WASHINGTON (AP) — The Latest on the Senate confirmation hearings for Supreme Court nominee Amy Coney Barrett (all times local):
Senate Judiciary Committee Chairman Lindsey Graham says the nomination of Amy Coney Barrett to the Supreme Court is a signal to young conservative women who oppose abortion that there’s “a seat at the table for them.”
Opening the second day of questioning on Wednesday, the South Carolina Republican told Barrett she has been “candid to this body about who you are, what you believe” and this is the first time a woman has been nominated to the Supreme Court who is “unashamedly pro-life and embraces her faith without apology.”
Graham says he’s “never been more proud” of a nominee.
While Barrett has repeatedly declined during her confirmation hearings to say how she would rule on abortion, senators have been clear in their questioning that they know she is opposed to it.
Barrett is the most openly anti-abortion nominee to the Supreme Court in decades. Democrats have warned her confirmation could lead to the overturning of the landmark abortion case Roe v. Wade.
HERE’S WHAT YOU NEED TO KNOW ABOUT THE BARRETT HEARINGS:
Supreme Court nominee Amy Coney Barrett is back on Capitol Hill for Day Three of her confirmation hearings. Senators are digging deeper into her outlook on abortion, health care and a potentially disputed presidential election.
— Takeaways: Barrett is reticent as Democrats focus on health care.
— AP FACT CHECK: Sen. Graham and Biden on Obamacare, Barrett.
— AP Explains: Originalism, Barrett’s judicial philosophy.
— Barrett cites ‘Ginsburg rule’ that Ginsburg didn’t follow.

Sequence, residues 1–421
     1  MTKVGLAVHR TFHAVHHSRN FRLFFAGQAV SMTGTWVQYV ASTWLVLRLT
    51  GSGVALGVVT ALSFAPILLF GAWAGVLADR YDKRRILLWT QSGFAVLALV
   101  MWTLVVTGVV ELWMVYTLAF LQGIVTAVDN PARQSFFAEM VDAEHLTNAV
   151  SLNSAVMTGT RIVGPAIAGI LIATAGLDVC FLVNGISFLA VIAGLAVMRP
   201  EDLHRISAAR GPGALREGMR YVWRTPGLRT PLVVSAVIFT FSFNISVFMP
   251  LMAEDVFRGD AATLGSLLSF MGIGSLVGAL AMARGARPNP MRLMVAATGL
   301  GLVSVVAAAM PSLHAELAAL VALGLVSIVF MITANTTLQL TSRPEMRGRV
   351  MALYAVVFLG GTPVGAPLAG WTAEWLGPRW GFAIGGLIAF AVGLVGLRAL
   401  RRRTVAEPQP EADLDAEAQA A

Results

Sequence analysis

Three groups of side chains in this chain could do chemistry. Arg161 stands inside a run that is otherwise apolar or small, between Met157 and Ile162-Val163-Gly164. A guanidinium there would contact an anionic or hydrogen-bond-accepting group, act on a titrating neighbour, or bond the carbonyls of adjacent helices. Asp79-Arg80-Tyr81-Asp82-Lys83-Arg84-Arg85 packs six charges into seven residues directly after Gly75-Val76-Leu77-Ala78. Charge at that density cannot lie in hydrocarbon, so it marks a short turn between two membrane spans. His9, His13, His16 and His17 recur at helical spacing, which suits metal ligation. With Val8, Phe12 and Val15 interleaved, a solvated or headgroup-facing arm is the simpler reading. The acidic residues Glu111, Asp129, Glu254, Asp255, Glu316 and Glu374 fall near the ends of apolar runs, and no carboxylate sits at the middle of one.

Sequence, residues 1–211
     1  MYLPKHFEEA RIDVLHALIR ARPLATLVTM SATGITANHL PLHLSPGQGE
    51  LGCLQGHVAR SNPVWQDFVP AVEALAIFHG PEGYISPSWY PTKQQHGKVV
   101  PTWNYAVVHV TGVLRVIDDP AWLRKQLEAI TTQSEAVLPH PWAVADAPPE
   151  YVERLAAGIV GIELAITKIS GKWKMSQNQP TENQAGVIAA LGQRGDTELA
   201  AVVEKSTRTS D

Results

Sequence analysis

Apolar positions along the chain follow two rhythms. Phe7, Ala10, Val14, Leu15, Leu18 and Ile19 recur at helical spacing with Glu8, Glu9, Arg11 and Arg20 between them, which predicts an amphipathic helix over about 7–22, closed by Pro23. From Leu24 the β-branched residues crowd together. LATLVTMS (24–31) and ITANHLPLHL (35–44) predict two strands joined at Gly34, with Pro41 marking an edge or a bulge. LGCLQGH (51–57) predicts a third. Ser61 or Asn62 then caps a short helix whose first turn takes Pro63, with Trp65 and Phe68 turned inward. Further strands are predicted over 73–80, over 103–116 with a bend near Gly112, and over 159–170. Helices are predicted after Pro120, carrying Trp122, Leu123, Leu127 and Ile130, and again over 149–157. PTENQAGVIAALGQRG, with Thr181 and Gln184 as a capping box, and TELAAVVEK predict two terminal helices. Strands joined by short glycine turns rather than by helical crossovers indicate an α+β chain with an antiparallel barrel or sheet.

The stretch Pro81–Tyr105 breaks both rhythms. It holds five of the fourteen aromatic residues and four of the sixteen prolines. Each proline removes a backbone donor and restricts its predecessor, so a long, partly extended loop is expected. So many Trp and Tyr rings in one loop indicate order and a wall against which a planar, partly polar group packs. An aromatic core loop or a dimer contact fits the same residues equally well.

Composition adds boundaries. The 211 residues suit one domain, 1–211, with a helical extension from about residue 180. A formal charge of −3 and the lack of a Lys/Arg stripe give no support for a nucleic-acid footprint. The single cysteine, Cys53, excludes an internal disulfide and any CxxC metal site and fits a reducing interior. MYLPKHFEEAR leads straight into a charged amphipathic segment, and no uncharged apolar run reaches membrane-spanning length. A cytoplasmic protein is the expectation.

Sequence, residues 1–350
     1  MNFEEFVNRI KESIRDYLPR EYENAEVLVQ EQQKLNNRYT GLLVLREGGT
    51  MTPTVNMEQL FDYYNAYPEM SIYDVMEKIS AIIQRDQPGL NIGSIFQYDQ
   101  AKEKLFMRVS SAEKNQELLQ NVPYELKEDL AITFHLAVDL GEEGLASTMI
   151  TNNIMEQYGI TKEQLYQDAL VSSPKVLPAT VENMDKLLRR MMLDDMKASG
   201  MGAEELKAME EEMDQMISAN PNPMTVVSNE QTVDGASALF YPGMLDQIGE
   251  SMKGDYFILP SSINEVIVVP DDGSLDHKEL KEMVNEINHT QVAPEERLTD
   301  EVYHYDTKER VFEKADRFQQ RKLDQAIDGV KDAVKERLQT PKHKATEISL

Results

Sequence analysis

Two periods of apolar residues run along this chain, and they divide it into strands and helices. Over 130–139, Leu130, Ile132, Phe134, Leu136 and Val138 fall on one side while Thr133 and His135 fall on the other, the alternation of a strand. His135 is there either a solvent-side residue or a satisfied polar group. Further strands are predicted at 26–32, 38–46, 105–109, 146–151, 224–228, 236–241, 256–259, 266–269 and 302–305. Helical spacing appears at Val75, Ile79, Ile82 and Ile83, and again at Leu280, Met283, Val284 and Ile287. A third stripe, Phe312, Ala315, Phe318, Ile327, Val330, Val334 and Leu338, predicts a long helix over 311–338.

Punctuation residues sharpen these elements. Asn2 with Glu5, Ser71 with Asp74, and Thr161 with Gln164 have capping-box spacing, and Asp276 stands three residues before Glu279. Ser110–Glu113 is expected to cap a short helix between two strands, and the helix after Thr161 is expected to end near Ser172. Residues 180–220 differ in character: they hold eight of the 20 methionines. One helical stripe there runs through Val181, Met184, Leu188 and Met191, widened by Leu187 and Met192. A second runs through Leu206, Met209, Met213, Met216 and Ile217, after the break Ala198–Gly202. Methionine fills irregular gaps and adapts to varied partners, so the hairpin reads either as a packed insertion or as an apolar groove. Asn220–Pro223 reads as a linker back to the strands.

— Barrett hearing turns to discussion of few high court cases.
HERE’S WHAT ELSE IS HAPPENING:
Supreme Court nominee Amy Coney Barrett is back before the Senate Judiciary Committee to face more questions from senators at her confirmation hearing.
Tuesday’s session lasted nearly 12 hours. Barrett declined to voice an opinion on potential election-related litigation involving President Donald Trump or presidential transition of power. She also said she didn’t view the 1973 Roe v. Wade decision that affirmed the right to abortion as an inviolable “super-precedent” that couldn’t be overturned.
On the Obama-era Affordable Care Act, which provides health care for more than 20 million people and comes before the court next month, Barrett says she doesn’t recall seeing Trump’s statements that he planned to nominate justices who would repeal the law.
The committee is scheduled to take a preliminary vote on her nomination on Thursday. The GOP-controlled Senate is expected to confirm her before Election Day. Barrett would replace the late Justice Ruth Bader Ginsburg, shifting the court’s 5-4 conservative majority to 6-3.